The Caenorhabditis elegans Y87G2A.14 Nudix hydrolase is a peroxisomal coenzyme A diphosphatase
© AbdelRaheim and McLennan. 2002
Received: 12 February 2002
Accepted: 27 March 2002
Published: 27 March 2002
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© AbdelRaheim and McLennan. 2002
Received: 12 February 2002
Accepted: 27 March 2002
Published: 27 March 2002
The number of Nudix hydrolase family members varies widely among different organisms. In order to understand the reasons for the particular spectrum possessed by a given organism, the substrate specificity and function of different family members must be established.
The Y87G2A.14 Nudix hydrolase gene product of Caenorhabditis elegans has been expressed as a thioredoxin fusion protein in Escherichia coli and shown to be a CoA diphosphatase with catalytic activity towards CoA and its derivatives. The products of CoA hydrolysis were 3',5'-ADP and 4'-phosphopantetheine with K m and k cat values of 220 μM and 13.8 s-1 respectively. CoA esters yielded 3',5'-ADP and the corresponding acyl-phosphopantetheine. Activity was optimal at pH 9.5 with 5 mM Mg2+ and fluoride was inhibitory with a Ki of 3 μM. The Y87G2A.14 gene product has a potential C-terminal tripeptide PTS1 peroxisomal targeting signal – SKI. By fusing a Y87G2A.14 cDNA to the C-terminus of yeast-enhanced green fluorescent protein, the enzyme appeared to be targeted to peroxisomes by the SKI signal when transfected into yeast cells. Deletion of SKI abolished specific targeting.
The presence of related sequences with potential PTS1 or PTS2 peroxisomal targeting signals in other organisms suggests a conserved peroxisomal function for the CoA diphosphatase members of this group of Nudix hydrolases.
The Nudix hydrolase family comprises enzymes that hydrolyse predominantly the diphosphate (pyrophosphate) linkage in a variety of nucleoside triphosphates, dinucleoside polyphosphates, nucleotide sugars and nucleotide cofactors having the general structure of a nucleoside diphosphate linked to another moiety, X [1, 2]. They are found in archaea, eubacteria, animal, plants, and fungi and all possess the Nudix box sequence signature motif Gx5Ex5 [UA]xREx2EExGU (where U is an aliphatic hydrophobic amino acid) [1, 3]. The proposed functions of this family are to eliminate potentially toxic nucleotide metabolites from the cell and to regulate the concentrations of nucleotide cofactors and signalling molecules for optimal cell growth and survival.
The number of genes encoding Nudix hydrolases varies widely, from zero in Mycoplasma genitalium to 22 in Deinococcus radiodurans[5, 6]. This variation presumably reflects the growth or environmental adaptability, stress tolerance and metabolic capacity of the different organisms. The Nudix hydrolases thus offer an ideal system with which to study the evolution of a largely inessential protein family and its contribution to the individual biology of an organism. Understanding such variation requires a combination of detailed biochemical, genetic and cellular studies to reveal the individual functions of family members within the set in any given system. In the case of multicellular eukaryotes, the nematode Caenorhabditis elegans offers a genetically amenable model system with which to carry out such studies. There are 11 members of the Nudix hydrolase family in C. elegans. So far only two of these have been characterized – a diadenosine tetraphosphate pyrophosphohydrolase (the orthologue of human NUDT2)  and an NADH diphosphatase . Sequence comparisons would predict the existence of an ADP-sugar diphosphatase (NUDT5 orthologue) , an ADP-ribose diphosphatase (NUDT9 orthologue) , a diphosphoinositol polyphosphate pyrophosphohydrolase (NUDT3/4 orthologue) , two probable coenzyme A diphosphatases, one of which is highly similar to the mouse Nudt7 CoA diphosphatase , and 4 proteins of unknown function, including one with a strong similarity to the Saccharomyces cerevisiae PSU1/DCP2 protein [13, 14] and another similar to the developmentally-regulated mouse RP2 protein .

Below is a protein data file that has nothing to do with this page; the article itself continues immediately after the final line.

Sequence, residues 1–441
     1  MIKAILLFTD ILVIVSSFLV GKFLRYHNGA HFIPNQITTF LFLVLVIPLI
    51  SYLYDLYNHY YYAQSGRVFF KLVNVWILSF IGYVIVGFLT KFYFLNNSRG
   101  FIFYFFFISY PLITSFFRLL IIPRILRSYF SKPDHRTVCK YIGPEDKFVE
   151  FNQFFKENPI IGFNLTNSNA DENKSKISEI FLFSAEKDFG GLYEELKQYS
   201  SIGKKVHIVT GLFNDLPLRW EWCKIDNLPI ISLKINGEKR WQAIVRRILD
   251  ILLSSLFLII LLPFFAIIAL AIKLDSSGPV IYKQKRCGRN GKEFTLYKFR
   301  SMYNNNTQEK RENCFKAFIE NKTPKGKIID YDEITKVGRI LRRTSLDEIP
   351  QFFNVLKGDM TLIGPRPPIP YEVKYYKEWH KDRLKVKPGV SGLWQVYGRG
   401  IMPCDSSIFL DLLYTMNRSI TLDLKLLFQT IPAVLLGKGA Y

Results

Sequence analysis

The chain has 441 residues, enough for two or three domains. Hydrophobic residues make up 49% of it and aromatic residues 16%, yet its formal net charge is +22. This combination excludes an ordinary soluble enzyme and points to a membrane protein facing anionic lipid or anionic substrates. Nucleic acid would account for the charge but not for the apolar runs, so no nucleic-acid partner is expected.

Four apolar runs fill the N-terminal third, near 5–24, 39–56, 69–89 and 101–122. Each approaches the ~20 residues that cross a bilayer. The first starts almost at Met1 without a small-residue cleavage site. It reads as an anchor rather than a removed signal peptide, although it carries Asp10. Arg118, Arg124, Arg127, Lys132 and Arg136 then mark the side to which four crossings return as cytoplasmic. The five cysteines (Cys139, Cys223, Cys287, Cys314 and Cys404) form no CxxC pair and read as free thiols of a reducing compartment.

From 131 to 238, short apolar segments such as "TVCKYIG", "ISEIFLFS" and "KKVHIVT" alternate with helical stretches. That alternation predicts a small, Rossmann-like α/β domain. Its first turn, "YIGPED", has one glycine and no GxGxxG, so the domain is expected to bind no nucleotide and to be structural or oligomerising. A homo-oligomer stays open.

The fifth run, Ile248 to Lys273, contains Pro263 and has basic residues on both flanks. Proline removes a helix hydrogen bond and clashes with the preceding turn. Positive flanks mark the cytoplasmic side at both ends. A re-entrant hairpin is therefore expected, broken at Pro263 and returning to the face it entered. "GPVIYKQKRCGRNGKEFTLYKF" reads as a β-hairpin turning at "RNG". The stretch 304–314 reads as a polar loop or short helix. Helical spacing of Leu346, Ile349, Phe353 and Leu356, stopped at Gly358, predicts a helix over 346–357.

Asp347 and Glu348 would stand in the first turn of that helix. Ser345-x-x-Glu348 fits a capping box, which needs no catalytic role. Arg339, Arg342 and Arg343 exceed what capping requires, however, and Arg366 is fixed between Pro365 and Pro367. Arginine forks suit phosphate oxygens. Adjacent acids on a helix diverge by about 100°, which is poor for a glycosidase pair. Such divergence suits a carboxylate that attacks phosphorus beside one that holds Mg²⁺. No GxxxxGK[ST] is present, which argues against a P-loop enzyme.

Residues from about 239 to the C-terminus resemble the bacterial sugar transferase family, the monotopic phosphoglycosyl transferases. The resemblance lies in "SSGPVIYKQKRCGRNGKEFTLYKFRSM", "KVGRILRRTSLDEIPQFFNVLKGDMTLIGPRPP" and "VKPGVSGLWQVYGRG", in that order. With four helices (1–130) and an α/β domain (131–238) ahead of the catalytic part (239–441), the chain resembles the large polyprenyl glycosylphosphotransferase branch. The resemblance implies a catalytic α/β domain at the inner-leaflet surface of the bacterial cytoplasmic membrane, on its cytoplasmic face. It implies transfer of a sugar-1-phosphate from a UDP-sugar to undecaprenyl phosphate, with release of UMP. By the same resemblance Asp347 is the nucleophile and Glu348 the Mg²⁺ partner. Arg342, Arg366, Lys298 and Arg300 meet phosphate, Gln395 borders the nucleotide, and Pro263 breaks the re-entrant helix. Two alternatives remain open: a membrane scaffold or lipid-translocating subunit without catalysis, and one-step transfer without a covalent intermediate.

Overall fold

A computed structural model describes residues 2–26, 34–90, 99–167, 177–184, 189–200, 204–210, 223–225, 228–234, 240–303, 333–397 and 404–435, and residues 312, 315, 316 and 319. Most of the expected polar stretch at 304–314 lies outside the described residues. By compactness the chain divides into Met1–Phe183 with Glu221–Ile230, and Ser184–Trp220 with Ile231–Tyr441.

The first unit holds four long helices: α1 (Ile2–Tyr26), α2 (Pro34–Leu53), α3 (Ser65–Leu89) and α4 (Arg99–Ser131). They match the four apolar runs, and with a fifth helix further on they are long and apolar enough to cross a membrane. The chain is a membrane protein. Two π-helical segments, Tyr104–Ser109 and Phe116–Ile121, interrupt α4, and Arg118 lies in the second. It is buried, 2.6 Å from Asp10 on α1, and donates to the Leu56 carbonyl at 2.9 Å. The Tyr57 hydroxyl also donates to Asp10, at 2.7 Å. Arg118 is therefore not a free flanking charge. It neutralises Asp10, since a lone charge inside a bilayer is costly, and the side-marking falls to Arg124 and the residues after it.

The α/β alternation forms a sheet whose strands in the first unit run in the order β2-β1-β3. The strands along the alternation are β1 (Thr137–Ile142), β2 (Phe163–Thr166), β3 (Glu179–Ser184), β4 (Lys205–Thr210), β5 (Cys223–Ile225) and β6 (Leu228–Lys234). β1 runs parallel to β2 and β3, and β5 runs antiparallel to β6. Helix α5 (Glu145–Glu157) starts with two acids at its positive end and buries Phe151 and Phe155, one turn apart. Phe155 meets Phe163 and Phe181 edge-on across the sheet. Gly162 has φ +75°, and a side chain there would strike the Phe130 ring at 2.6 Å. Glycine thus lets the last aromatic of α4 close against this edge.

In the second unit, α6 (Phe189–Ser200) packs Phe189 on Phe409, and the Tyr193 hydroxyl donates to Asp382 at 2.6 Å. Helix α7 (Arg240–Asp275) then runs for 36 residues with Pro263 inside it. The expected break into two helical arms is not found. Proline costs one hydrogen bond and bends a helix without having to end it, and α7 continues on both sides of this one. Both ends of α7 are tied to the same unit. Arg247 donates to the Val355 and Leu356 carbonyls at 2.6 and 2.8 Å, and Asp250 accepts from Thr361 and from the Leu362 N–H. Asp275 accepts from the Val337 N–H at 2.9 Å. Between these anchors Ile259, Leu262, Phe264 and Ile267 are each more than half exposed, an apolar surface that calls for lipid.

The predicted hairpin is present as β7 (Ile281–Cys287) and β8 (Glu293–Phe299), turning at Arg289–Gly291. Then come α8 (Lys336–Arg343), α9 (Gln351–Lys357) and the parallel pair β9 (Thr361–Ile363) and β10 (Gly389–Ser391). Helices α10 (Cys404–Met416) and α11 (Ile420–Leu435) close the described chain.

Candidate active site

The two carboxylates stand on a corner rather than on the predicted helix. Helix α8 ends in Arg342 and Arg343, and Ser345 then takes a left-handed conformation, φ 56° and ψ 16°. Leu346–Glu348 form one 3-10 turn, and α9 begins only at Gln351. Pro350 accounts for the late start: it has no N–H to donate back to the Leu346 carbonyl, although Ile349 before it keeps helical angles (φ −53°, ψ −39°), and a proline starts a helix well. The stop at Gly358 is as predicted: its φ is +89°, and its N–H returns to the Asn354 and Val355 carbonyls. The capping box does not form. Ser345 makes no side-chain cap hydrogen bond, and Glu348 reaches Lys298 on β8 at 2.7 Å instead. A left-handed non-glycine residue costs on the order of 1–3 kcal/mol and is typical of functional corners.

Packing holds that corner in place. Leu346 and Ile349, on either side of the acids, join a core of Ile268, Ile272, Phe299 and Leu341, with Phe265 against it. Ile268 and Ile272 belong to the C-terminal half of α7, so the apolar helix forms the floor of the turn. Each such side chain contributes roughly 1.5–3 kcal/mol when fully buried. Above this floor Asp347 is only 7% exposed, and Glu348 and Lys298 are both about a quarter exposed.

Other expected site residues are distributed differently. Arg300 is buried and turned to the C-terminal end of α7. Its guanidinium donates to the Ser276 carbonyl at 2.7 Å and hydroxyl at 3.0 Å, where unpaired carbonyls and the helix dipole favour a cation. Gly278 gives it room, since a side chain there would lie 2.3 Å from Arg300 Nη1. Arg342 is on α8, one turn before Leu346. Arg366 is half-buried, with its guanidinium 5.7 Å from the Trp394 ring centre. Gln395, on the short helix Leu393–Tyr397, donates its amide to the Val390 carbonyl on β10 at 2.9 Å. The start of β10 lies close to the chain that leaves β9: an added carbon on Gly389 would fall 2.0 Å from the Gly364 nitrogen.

Recent characterization of the S. cerevisiae NADH and CoA diphosphatases [16, 17] and the mouse Nudt7 CoA diphosphatase  has revealed that they are located in peroxisomes. The function of these peroxisomal enzymes may be to regulate the concentration of these essential nucleotide cofactors for peroxisomal metabolism or, by analogy with the E. coli MutT 8-oxo-dGTPase, to eliminate toxic modified cofactor metabolites from the highly oxidizing peroxisomal environment. In order to investigate these possibilities in the C. elegans model system, we have cloned and characterised the putative C. elegans Y87G2A.14 CoA diphosphatase and shown that it displays the expected enzymatic activities and that it appears to be targetted to peroxisomes by a C-terminal PTS1 targeting signal.
Kinetic parameters for the hydrolysis of CoA and CoA derivatives by Trx-Y87G2A.14 fusion protein
K m (mM)
k cat (s-1)
k cat / K m (103M-1.s-1)
Regarding the possible function of these enzymes in general, and the C. elegans peroxisomal enzyme in particular, a recent functional genomic analysis by RNA-mediated interference of C. elegans chromosome I, on which the Y87G2A.14 gene is located, revealed no phenotype in relation to growth, survival, fecundity or morphology when the expression of Y87G2A.14 was ablated . This would indicate that, within the limitations of RNAi, the CoA diphosphatase activity of Y87G2A.14 is not essential. However, now that the biochemical properties of this protein have been established, a more detailed and targeted biochemical analysis can be undertaken that should reveal its cellular function and benefit to the organism.
Nudix hydrolases are believed to regulate the concentrations of nucleotides for optimal cell performance and also to eliminate potentially toxic nucleotide metabolites from the cell. With regard to regulation, CoA diphosphatase activity is associated with the 400 kDa CoA synthesizing protein complex from S. cerevisiae, in which it forms part of an alternative pathway for CoA biosynthesis that differs from the principal route of 3'-dephospho-CoA and CoA synthesis by this complex . This CoA/4'-phosphopantetheine cycle involves hydrolysis of CoA to 3',5'-ADP and 4'-phosphopantetheine, which then reacts with ATP to give 3'-dephospho-CoA then CoA. Whether such a pathway operates in peroxisomes and whether the C. elegans Y87G2A.14 protein is involved remain to be established. With regard to the elimination of toxic nucleotide metabolites, the 13-fold higher k cat / K m ratio for oxidized CoA (CoASSCoA) compared to CoA for the S. cerevisiae PCD1 CoA diphosphatase previously suggested to us that this enzyme might preferentially remove non-functional and potentially toxic oxidized CoA and CoA esters from within the oxidizing environment of the peroxisomes . However, neither the mouse Nudt7  nor the C. elegans Y87G2A.14 proteins show this preference. Nevertheless, the potential production of adenine ring-oxidized derivatives of CoA by reactive oxygen species generated in the peroxisomes analogous to the 2-oxo-dATP and 8-oxo-dATP substrates of the mammalian MTH1 Nudix hydrolase  suggests that such species could be more relevant substrates for peroxisomal CoA diphosphatases in vivo. The amenability of C. elegans to studies of cellular and molecular stress will allow the question of the biological function of these enzymes to be addressed.